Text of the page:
But it doesn’t have to be that way. Let’s start with how to tell your partner.
The most important piece of advice – know what you’re talking about
OK, first things first. You have to be clear in your own head about what genital herpes is, what causes it, what the symptoms are and how it’s transmitted.
Your partner probably won’t know much about it, so you need to be able to explain it clearly to take the mystery and the fear out of it. You have to able to answer any questions they have simply and with confidence if you’re going to be able to reassure them. If you’re unsure about any aspects of genital herpes here are a few pointers to get you started.
Before starting any conversation get tested and make sure you definitely have it. You should go to your doctor or a sexual health clinic while you have symptoms. They’ll get you tested and can also explain the infection to you and give advice on talking to your partner.
Do I have to tell my partner?
Yes. Herpes is an STD, it can have painful symptoms and once someone’s infected it stays with them for life. Your partner has a right to know they have a risk of catching genital herpes if they have sex with you. In many states in the US if you don’t tell someone you have an STD and they contract it from you, you could face a civil lawsuit.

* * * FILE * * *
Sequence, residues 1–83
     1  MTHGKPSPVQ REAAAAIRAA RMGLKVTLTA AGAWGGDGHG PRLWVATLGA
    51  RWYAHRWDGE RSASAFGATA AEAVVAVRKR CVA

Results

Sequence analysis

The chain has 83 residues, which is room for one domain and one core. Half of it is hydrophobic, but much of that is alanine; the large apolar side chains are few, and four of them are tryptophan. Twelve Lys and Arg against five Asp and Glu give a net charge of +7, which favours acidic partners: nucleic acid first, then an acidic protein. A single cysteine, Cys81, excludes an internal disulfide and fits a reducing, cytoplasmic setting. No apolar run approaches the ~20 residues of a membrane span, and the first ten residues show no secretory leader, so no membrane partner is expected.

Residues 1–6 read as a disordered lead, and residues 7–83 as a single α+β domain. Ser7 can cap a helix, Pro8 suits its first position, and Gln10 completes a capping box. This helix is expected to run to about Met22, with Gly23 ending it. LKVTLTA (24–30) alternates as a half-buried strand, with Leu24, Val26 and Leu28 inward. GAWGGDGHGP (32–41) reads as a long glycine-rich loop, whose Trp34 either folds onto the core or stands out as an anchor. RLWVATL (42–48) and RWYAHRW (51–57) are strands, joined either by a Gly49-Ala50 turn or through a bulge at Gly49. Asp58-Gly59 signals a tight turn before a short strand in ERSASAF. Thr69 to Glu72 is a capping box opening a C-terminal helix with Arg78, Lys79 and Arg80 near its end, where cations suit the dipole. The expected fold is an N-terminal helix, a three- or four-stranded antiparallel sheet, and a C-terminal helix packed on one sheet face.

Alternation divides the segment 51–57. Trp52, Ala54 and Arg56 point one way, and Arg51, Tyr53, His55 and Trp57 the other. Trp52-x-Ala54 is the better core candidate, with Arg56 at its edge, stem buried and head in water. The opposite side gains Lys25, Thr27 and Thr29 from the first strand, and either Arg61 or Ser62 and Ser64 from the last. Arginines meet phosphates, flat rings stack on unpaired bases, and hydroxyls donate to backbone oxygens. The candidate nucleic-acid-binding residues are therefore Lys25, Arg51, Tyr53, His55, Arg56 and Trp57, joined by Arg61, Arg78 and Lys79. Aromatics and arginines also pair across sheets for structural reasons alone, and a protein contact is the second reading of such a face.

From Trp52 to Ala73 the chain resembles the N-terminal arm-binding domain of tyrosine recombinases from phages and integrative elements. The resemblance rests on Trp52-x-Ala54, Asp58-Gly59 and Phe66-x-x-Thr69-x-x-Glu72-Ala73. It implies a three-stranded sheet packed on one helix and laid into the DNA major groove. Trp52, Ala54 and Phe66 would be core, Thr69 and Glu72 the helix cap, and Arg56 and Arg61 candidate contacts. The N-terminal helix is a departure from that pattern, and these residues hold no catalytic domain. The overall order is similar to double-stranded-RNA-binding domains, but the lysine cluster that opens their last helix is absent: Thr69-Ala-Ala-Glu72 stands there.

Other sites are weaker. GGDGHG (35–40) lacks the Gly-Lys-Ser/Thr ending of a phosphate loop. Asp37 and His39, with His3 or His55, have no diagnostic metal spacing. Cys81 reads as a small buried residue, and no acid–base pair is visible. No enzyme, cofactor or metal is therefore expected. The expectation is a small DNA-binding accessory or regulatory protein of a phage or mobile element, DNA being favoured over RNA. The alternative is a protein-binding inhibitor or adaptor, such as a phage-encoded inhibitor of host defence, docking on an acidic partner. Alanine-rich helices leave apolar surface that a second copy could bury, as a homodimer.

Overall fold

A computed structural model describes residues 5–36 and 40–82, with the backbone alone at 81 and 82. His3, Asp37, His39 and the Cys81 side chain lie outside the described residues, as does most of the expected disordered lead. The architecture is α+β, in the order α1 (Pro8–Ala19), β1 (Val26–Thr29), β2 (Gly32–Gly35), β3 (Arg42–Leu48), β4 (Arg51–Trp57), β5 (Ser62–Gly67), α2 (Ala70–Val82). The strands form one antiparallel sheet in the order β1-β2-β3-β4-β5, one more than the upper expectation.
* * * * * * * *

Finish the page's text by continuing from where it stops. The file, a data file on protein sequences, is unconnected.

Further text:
Tell them early
If you’ve just started seeing someone and you’re worried about dating with genital herpes you need to speak to them as early as possible. However, this isn’t really a first-date conversation. They’ll likely react to the news better if you’ve already built some sort of relationship. You do need to tell them early though, especially before you have any sexual contact. You need to give a new partner the opportunity to make an informed decision before they sleep with you.
If you’re already in a relationship you need to tell your partner as soon as possible. You need to decide on any changes you may need to make to your sex life and you don’t want to give them even a hint of an impression you’re keeping it from them.
Pick the right time and place
You should have the conversation when you both have time to talk it through, without any time pressures or other distractions. Don’t try and tell them while you’re rushing to leave for work in the morning or as they’re drifting off to sleep at night.
Pick somewhere where you’re both comfortable and can talk freely. Talking at home over a coffee on a weekend afternoon is probably going to be better than in a public place.
Set the tone of the conversation
You want to be clear and confident, and you also don’t want to talk about your infection as if it’s a huge problem. Don’t use overly negative words and don’t open by saying something like, “I’ve got some terrible news for you,” or “promise you won’t freak out,” as this sets the wrong tone and telling someone not to freak out is the best way to actually make them freak out. Start the conversation by saying something like, “I’ve just had the results of a test and I’ve found out I have an infection that causes genital herpes.”